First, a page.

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Knowledge

Edited by Clayton Littlejohn (King's College London)
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  1. Celso Martins Azar Filho (2012). Método e estilo, subjetividade e conhecimento nos ensaios de Montaigne. Kriterion 53 (126):559-578.
    A característica mais notável da filosofia renascentista foi também o que tornou sua assimilação pela história da filosofia tão difícil: a interação entre forma e conteúdo, entre ideia e sua expressão. Tal resulta da tentativa de realizar outra inter-relação que lhe é ainda mais essencial: aquela entre teoria e prática, pensamento e ação. Nos Ensaios de Montaigne, o método constitui antes de tudo um estilo de vida: a linguagem é aí o meio pelo qual a implicação entre mundos externos e (...)
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  2. Luís Manuel A. V. Bernardo (2012). Introdução Ao Problema Do Conhecimento Em Pontos de Referência, de Francisco Vieira de AlmeidaIntroduction to the Problem of Knowledge in Pontos de Referência by Francisco Vieira de Almeida. Cultura:33-63.
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  3. Steffen Borge (2006). Knowledge and Lotteries, by John Hawthorne. Disputatio.
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  4. B. W. Bower (2004). Good Knowledge, Bad Knowledge: On Two Dogmas of Epistemology-Stephen Hetherington. International Philosophical Quarterly 44 (1; ISSU 173):107-107.
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  5. Elke Brendel & Christoph Jäger (eds.) (2004). Contextualisms in Epistemology.
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  6. Jessica Brown (2014). Shifty Talk: Knowledge and Causation. Philosophical Studies 167 (2):183-199.
    In this paper, I criticise one main strategy for supporting anti-intellectualism, the view that whether a subject knows may depend on the stakes. This strategy appeals to difficulties with developing contextualist and pragmatic treatments of the shiftiness of our talk about knowledge to motivate anti-intellectualism. I criticise this strategy by drawing an analogy between debates about causation and knowledge. In each case, talk about a phenomenon is shifty and contextualist and pragmatic explanations of the shifty talk face the same objections. (...)
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  7. Thomas O. Buford (1982). Knowledge. Review of Metaphysics 36 (2):443-444.
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  8. José Mauricio de Carvalho (2012). Djacir Menezes E o Problema Do conhecimentoDjacir Menezes and the Problem of Knowledge. Cultura:65-73.
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  9. Hector Neri Castaneda (1965). Knowledge and Certainty. Review of Metaphysics 18 (3):508 - 547.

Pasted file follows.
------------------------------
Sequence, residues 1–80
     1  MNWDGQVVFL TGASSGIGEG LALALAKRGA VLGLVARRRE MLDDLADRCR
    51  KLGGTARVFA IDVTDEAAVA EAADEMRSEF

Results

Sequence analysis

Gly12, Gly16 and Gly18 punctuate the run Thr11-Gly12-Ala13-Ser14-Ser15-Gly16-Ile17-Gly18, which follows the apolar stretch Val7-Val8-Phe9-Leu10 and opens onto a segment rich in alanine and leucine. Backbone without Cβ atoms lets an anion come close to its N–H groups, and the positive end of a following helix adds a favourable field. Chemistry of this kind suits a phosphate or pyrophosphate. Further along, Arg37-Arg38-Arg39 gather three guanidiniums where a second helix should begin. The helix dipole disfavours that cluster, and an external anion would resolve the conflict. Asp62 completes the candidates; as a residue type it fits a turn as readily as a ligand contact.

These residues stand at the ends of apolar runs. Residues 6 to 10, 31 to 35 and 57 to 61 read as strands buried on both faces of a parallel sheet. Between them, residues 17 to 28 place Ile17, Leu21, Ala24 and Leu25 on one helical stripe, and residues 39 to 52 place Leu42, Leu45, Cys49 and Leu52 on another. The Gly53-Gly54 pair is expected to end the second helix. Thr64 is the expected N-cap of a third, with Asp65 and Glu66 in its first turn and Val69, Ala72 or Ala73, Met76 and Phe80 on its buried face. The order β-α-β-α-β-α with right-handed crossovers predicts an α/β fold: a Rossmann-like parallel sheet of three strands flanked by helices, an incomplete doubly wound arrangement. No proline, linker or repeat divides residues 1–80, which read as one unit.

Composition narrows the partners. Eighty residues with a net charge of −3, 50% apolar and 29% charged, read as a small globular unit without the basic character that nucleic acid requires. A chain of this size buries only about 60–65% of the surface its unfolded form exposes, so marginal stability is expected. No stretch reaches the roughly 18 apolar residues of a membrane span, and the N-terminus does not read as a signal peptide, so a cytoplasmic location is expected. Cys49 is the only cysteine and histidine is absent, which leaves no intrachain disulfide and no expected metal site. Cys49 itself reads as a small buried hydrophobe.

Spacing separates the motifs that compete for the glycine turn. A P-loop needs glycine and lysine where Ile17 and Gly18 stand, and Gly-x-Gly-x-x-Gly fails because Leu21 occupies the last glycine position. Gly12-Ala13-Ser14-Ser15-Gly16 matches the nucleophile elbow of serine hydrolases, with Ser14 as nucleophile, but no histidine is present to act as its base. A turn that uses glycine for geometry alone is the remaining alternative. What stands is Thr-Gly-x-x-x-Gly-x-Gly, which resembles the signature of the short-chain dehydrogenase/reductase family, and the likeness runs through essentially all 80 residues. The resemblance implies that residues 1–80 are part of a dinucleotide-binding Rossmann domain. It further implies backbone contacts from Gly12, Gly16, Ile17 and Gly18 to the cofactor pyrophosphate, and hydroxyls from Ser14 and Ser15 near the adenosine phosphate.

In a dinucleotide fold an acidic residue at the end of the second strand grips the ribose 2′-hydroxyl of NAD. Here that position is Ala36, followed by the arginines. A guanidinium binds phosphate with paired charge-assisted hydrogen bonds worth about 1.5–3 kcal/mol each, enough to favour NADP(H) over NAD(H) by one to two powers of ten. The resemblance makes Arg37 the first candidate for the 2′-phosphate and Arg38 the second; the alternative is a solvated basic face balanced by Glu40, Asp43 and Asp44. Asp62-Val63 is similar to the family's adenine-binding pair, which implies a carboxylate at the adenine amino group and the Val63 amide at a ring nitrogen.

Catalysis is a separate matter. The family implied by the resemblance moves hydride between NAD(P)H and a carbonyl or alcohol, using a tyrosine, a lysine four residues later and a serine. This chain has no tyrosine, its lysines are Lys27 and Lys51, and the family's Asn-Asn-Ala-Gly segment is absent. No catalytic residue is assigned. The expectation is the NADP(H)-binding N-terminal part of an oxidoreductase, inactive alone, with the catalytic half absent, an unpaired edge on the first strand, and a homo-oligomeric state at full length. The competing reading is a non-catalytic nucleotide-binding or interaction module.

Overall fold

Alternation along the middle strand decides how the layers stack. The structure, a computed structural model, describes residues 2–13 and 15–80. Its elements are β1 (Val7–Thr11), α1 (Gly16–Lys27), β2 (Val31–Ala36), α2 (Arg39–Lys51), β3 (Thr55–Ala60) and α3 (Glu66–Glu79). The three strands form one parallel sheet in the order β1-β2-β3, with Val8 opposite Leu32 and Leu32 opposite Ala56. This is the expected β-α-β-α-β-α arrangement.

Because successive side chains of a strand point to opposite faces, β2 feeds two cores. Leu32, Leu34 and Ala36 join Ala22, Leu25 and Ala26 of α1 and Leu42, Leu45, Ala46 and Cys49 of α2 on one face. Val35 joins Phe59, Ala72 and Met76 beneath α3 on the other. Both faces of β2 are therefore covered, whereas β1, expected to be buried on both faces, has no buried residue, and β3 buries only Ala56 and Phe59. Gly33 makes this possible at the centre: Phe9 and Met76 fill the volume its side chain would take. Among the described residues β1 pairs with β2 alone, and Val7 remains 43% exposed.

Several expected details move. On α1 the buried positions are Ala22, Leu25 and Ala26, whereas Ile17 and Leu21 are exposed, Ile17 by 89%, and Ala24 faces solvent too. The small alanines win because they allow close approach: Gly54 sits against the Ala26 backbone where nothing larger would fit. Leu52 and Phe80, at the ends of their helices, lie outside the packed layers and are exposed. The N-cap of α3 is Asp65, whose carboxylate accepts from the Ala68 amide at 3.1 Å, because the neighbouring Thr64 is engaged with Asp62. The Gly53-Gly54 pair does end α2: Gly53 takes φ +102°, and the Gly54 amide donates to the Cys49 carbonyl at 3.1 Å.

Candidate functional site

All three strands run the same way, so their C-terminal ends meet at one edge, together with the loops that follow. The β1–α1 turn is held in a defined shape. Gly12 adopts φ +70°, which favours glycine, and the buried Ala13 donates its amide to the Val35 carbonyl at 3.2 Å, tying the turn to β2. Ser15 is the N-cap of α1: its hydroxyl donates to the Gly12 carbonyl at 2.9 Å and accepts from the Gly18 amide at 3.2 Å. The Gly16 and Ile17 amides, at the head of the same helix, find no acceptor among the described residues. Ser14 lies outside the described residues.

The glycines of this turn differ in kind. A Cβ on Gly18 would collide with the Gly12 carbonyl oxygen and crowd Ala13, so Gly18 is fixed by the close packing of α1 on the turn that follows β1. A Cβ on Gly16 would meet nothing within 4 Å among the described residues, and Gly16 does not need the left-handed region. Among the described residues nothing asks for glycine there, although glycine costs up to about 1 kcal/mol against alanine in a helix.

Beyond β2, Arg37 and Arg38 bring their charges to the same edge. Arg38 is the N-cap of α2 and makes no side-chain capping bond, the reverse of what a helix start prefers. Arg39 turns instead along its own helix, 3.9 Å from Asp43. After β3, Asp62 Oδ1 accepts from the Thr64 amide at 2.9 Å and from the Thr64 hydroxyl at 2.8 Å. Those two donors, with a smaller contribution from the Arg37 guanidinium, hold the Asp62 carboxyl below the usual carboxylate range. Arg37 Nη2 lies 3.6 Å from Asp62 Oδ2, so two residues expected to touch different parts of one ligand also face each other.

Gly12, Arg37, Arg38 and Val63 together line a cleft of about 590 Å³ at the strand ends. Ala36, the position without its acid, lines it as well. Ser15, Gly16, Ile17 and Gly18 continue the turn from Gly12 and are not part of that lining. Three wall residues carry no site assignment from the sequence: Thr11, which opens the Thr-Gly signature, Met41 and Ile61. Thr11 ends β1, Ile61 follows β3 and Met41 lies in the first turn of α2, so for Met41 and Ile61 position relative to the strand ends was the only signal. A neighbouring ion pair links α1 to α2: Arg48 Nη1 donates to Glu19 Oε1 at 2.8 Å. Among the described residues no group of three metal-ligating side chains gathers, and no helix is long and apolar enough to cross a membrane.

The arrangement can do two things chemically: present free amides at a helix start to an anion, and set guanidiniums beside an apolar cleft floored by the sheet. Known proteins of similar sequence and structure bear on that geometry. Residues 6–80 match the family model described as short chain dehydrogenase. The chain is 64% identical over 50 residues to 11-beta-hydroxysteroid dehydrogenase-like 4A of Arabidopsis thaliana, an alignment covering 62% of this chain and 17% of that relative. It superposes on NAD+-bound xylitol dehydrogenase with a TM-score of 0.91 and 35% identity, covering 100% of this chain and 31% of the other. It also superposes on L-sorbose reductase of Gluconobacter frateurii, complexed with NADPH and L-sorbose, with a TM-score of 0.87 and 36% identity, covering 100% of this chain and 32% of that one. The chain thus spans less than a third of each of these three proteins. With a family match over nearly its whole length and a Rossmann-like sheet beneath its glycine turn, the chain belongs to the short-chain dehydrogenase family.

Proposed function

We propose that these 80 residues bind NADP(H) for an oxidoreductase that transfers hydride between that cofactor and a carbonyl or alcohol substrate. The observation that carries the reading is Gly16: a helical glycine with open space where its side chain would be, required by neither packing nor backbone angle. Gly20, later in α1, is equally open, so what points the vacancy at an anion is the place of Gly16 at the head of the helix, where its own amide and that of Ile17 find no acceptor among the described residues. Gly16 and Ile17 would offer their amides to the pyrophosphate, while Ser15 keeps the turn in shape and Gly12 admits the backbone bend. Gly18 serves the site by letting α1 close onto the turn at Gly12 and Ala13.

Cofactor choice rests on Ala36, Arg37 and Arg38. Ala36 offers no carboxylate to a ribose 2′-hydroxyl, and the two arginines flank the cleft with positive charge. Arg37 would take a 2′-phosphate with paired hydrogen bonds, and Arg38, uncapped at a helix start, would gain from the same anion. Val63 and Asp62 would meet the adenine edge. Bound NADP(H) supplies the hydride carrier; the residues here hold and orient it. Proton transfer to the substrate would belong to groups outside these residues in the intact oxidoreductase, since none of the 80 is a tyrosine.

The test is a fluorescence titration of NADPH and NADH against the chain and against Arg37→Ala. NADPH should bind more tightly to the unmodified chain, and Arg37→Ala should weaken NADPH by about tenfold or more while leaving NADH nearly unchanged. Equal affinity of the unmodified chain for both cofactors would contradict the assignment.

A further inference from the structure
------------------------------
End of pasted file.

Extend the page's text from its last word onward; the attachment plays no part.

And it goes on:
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  10. Kuang-Ming Cheng (2005). Must We Know What We Mean? Kriterion 19 (1):21-33.
    In his 1987 article “Indeterminacy, Empiricism and the First Person”, John Searle argues that we actually know what we mean; therefore, W. V. O. Quine’s thesis of the indeterminacy of translation must be wrong. In this paper, I will try to identify the mistakes in Searle’s criticism of Quine’s story. I will argue that Quine’s indeterminacy thesis can be construed as containing two theses— that is, the immanent indeterminacy and the transcendent indeterminacy. With these two indeterminacies in mind, Quine’s indeterminacy (...)
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  11. Arkadiusz Chrudzimski (1999). Die Stellung der Theorie der Intersubjektivität im System der Husserlschen transzendentalen Phänomenologie. Conceptus 32 (80):99-138.
    Die Theorie der Intersubjektivität bildet einen der zentralen Punkte des Husserlschen Systems. Im Rahmen der konsequenten Epistemisierung des Wahrheitsbegriffs, die Husserl von Brentano übernommen hat, wird die objektive Realität mittels des Begriffs der intersubjektiven epistemischen Begründung definiert. Die Konstitution der intersubjektiven Gemeinschaft bildet demgemäß die unentbehrliche Vorbedingung für die Konstitution der intersubjektiven Welt. Wir zeigen, daß die Husserlsche Theorie nicht einwandfrei funktioniert. Es ist vor allem das Zusammenspiel des Begriffsempirismus mit dem epistemologischen Fundamentalismus, das das Scheitern seiner Version der Analogieschluß-Theorie (...)
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  12. D. S. Clarke (1992). Knowledge and Ethics. Journal of Information Ethics 1 (2):22-31.
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  13. E. J. Coffman (2010). Misleading Dispositions and the Value of Knowledge. Journal of Philosophical Research 35:241-258.
    Gettiered beliefs are those whose agents are subject to the kind of epistemologically significant luck illustrated by Gettier Cases. Provided that knowledge requires ungettiered belief, we can learn something about knowledge by figuring out how luck blocks it in Gettier Cases. After criticizing the most promising of the going approaches to gettiered belief—the Risk of False Belief Approach—, I explain and defend a new approach: the Risk of Misleading Dispositions Approach.Roughly, this view says that a belief is gettiered just in (...)
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  14. Fabrice Correia, Jessica Leech & Mollie Molyneaux (2011). Genevan Ruminations on The Metaphysics of Knowledge. Dialectica 65 (1):117-123.
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  15. Claudio F. Costa (2010). A Perspectival Definition of Knowledge. Ratio 23 (2):151-167.
    In this paper an improved formulation of the classical tripartite view of knowledge is proposed and defended. This formulation solves Gettier's problem by making explicit what is concealed by the symbolic version of the tripartite definition, namely, the perspectival context in which concrete knowledge claims are evaluated.